For this project, my goal was to develop a protected Jack-in-the-Box. In other words, I wanted a toy where you have to enter a special code or the box will not open. To make mine unique I added password protection and an alarm system to the box. Check out the video below to see what I’m talking about. As always, I’m making the source code and schematics available below via a creative commons license, so grab it after the break!
For this project, my goal was to develop a protected Jack-in-the-Box. In other words, I wanted a toy where you have to enter a special code or the box will not open.
1. Use a limit switch under the lid to detect if the lid is being opened without a code being entered
2. If the lid is opened like this, the box will sound an alarm using the built-in speaker, and the Jack will not come up
1. Use three momentary push-buttons to accept a 6 digit code
2. When this code is entered correctly, the box will play a happy tune on the speaker, and the jack will popup
3. To close the box after opening it, press all three buttons simultaneously. The box will then start checking for new inputs, and the alarm will be re-enabled
4. When this code is entered incorrectly, the box will make a sad noise, and the jack will not come up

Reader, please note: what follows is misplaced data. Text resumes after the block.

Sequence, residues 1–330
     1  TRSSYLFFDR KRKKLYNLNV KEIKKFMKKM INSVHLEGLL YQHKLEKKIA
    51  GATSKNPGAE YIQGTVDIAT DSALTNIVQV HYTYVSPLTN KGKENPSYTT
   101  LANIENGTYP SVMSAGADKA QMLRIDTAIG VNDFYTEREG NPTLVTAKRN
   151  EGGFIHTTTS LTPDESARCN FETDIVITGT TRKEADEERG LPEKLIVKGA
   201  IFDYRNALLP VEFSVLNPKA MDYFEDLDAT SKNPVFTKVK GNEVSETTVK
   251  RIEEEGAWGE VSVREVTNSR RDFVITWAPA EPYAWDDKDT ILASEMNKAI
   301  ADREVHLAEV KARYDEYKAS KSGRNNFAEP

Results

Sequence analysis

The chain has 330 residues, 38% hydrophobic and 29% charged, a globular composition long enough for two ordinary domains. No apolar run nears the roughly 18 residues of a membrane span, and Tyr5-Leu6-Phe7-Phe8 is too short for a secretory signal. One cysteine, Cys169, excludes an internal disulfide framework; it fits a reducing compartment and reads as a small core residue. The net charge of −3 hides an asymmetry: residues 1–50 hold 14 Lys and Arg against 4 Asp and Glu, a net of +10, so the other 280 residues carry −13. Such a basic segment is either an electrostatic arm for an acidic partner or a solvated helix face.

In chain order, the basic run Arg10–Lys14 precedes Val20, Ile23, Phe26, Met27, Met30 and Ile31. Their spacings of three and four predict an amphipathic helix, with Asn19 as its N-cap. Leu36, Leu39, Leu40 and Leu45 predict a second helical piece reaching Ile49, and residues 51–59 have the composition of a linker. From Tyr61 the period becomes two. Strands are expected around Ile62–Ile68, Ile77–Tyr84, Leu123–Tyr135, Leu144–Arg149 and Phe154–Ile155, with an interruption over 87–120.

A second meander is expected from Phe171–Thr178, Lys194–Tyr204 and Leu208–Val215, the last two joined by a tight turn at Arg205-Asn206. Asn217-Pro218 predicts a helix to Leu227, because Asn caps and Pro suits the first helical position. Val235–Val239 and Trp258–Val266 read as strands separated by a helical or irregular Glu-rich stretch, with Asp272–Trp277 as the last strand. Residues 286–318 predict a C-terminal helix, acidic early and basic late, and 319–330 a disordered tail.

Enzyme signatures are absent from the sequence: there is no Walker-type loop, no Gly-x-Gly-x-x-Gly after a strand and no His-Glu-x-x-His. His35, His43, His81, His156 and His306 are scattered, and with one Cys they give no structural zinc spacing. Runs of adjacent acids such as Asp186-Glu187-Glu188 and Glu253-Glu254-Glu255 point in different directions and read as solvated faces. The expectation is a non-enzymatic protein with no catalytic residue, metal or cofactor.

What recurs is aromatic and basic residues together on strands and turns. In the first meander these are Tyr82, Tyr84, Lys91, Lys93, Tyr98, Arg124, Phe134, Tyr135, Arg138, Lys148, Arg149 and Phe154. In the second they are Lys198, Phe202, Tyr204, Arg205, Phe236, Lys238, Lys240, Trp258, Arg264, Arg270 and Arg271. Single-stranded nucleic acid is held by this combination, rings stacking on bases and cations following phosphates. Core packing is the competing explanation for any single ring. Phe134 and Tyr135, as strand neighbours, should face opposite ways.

1. The box is designed in Alibre, then laser cut
2. An ordinary door hinge is used as the hinge for the box
3. A servo motor and attached arm are used to both open the box and to pop the Jack up
4. An internal speaker plays alarm sounds and tones when entering codes
5. A limit switch under the lid detect when the lid is opened or closed
6. A handle was created using staples – it is necessary to use as extra weight on the limit switch
7. The hinge, speaker, and switch are screwed directly into the laser cut acrylic using bolts and heat-molded threading that are designed to be melted right into holes in the acrylic
1. The software is specifically designed to make it easy to change settings
2. It is even possible to change the passcode and the length of the passcode by only changing two constants
3. The software uses the pitches and servo libraries to control the servo and speaker respectively
IR sensors, batteries, electric fence indicators, datasheet errors, dial lamp modifications, garage door lights, intercom systems, DC-to-DC regulators, and high voltage regulators are discussed. Read More...